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of more knowledge, do disable that power and faculty which should make use of it when they have it.
How will men attend for several hours to a lewd and extravagant play, and fit not only with patience, but with delight to hear things fpoker, which are neithier fit to be spoken nor heard ?
And above all, how eager and earnest, how busy and industrious are a great part of inánkind, in the pursuit of their ambitious and covetou's defigns? How sorely will they labour and travel? how hardly will tliey be contented to fare, and how méanly will they live themfelves, to make they know not wliom rich ? even any body that happens to coine in their way, when they make their last wills.
And are men at all thefe pains for compassing. of their low and mean, of their vile and wicked designs, to do themselves no good; nay, for the most part, to hurt and destroy themselves; and are the present pleasures and fatisfaction of our minds, and eternal life and hapu piness in another world, things of no value and effe'enr with us? is salvation itself fo flight and inconsiderable à thing, that it deserves none of this care and diligence to be used for the obtaining of it?
IV. Consider that when we come to die, nothing will yield more true and solid consolation to us, than the rememberance of an useful and well-fpent life, a life of great Jabour and diligence, of great zeal and faithfulness in the service of God, and on the contrary, with whát grief and regret shall we look back upon all thofe precious hours which we have so fondly misplaced in sin and vanity? how shall we then with that we could recall them, and live them over again, that we might spend them better? all that time which now lies upon our hands, and we know not how to beltow it and pass it away, will then most assuredly lie heavy upon our consciences. What anguish and confusion have I seen in the looks and speeches of a dying man, caused only by the grievous rememberance of an unprofitable and ill-fpent life! So foolish are many men, as never seriously to think for what end they came into the world, till they are just ready to go out of it.
| V. Con.
. V. Consider, that the degrees of our happiness in another world will certainly bear a proportion to the degrees of our diligence and industry, in ferving God and doing good. And it is an argument of a mean fpirit, not to aspire after the best and happiest condition, which is to be attained by us. To be contented barely to live, when by our pains and industry we may become considerable, and raise ourfelves above the common level of men, is a fign of a poor and degenerate mind; so is it in the business of religion, to be contented with any low degrees of virtúc and goodnefs, and consequently of glory and happiness, when by a great diligence and industry in ferving our generation according to the will of God, we may be of the nuinber of those, whose reward fhall be great in heaven, and have a place there, among those righteous persons, who shall shine as the fun in the kingdom of their Father.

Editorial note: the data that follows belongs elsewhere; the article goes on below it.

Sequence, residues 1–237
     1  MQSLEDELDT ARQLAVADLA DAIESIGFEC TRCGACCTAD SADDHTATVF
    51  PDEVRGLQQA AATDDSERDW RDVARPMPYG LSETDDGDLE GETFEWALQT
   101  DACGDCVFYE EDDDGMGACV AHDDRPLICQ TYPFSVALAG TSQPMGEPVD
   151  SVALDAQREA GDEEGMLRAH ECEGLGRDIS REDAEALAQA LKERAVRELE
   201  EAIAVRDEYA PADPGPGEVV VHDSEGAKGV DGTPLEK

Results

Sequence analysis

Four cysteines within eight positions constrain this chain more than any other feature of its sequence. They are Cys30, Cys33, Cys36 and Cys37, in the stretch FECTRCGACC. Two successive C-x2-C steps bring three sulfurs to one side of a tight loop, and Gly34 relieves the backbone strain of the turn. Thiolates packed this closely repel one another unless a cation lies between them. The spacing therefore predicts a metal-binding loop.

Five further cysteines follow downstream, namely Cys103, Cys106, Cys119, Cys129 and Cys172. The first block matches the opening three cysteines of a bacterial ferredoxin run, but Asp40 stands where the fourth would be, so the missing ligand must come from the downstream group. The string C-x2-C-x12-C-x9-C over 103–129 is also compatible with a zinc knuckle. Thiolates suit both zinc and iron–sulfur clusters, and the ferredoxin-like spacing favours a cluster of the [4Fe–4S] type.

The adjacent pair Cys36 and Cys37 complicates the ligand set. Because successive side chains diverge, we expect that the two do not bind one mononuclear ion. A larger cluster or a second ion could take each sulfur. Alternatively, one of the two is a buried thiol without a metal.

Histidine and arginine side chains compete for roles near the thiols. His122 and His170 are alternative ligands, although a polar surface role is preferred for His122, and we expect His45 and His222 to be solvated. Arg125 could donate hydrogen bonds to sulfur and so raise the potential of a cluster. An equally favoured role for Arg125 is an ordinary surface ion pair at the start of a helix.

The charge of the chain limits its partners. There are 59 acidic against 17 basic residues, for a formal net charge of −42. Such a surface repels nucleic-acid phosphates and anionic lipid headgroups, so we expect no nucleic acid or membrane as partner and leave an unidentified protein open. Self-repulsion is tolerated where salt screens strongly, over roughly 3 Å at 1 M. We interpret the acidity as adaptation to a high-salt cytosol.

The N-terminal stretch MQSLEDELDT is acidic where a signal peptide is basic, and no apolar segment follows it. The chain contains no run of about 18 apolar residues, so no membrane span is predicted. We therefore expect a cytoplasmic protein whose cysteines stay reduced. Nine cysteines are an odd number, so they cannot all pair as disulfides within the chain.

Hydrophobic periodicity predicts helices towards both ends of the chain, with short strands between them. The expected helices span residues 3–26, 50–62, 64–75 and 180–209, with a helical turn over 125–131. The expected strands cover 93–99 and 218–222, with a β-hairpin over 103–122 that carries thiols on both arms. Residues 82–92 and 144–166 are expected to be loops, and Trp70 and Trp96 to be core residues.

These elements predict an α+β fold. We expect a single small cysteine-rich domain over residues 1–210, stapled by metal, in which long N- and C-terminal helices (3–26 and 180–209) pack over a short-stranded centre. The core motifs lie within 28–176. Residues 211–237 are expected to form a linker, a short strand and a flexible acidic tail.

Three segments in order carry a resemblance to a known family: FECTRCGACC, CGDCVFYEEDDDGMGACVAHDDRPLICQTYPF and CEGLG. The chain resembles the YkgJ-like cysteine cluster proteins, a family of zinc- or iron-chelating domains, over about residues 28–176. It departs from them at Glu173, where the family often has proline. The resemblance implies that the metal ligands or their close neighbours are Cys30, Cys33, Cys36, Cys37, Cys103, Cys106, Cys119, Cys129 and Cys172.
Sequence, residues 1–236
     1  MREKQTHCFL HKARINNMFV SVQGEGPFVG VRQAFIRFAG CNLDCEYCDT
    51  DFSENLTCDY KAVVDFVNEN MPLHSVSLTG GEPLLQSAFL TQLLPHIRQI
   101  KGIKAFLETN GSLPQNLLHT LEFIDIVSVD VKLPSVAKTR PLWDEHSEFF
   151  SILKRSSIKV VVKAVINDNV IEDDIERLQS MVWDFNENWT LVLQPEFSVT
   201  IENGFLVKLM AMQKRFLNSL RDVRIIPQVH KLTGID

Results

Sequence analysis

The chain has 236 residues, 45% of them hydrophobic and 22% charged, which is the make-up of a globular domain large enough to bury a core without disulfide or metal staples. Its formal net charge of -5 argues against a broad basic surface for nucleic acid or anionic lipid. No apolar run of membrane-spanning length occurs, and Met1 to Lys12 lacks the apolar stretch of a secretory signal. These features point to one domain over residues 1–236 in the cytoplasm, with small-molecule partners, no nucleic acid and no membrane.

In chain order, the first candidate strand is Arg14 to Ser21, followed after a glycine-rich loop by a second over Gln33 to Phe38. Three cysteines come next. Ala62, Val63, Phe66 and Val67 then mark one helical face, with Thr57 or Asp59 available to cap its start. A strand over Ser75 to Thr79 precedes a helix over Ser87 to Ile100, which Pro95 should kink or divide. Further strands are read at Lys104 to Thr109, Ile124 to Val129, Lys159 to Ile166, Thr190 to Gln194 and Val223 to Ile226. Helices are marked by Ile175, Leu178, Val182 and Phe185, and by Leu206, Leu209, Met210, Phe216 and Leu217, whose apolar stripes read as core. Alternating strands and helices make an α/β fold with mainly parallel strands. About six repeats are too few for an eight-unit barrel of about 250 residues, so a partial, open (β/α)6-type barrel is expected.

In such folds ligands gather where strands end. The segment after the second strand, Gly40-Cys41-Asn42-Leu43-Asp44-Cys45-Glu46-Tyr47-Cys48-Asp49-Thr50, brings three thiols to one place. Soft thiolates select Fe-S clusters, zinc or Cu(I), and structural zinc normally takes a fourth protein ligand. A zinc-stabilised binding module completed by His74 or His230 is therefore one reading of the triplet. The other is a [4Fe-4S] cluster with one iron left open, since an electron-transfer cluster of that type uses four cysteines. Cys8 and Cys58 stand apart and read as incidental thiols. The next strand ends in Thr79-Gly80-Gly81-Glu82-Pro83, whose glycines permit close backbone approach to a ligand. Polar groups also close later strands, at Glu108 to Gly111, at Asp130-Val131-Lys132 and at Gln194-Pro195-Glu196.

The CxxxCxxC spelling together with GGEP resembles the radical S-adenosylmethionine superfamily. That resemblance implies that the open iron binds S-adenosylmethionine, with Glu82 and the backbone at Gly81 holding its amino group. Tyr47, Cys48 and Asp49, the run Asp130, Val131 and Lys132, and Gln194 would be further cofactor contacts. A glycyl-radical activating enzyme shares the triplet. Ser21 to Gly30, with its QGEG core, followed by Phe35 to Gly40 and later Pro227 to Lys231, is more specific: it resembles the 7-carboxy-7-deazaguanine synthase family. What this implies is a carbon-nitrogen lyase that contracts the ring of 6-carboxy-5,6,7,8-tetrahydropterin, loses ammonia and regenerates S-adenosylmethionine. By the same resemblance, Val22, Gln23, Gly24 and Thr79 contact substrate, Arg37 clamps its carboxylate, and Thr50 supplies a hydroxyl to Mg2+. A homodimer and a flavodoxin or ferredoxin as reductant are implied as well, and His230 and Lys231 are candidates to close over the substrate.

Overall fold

Besides, that it may prove a thing of dangerous consequence to uś, to deal thus ftrifly with God, and to drive so near änd liard a bargain with him ; we may easily miss of liappiness and come short of heaven, if we only design just to get th:ither; we may be mistaken in the degree of holiness and virtue, which is necessary to recommend us to the divine favour and acceptance, and to make us capable of the glorious reward of eternal life : for úntó whomfoever much is given, faith our Saviour, of him much shall be required ; to him that hath only one talent committed to him, it may be sufficient to have gained one ; but he that hath many talents entrusted with him, may gain one, and yet be a wicked and lothful servant ; proportionably to our advaniages and opportunities, our duty encreaseth opon our hands, and better and greater things may justly be expected from us. The confideration wliereof should make us Unwearied in our endeavours of doing good, and stedfast and unmoveable, and always abounding in the work of the Lord, for as much as we know that our labour lhall not be in vain in the Lord.
VI. And lastly, Let us consider the argument here in the text, There is no work, nor device, nor knowledge, nor wisdom in the grave, whither we are going. Longe quiefcendi tempora fata dabant, we hall then rest from
our our labours, and our works will follow us. This life is the time of our activity and working, the next is the season of retribution and recompence; we shall then have nothing to do, but either to reap and enjoy the comfort of well-doing, or to repent the folly of an ill-fpent life, and the irreparable mischief which thereby we have brought upon ourselves ; There is no work nor wisdom in the grave, whither thou goeft; intimating that our life is a continual journey towards the grave, shorter or longer as God pleaseth; and many times when we think ourselves far from it, we may be just upon it, and ready to stumble into it. So that our time of working may be very short, to be sure it is very uncertain.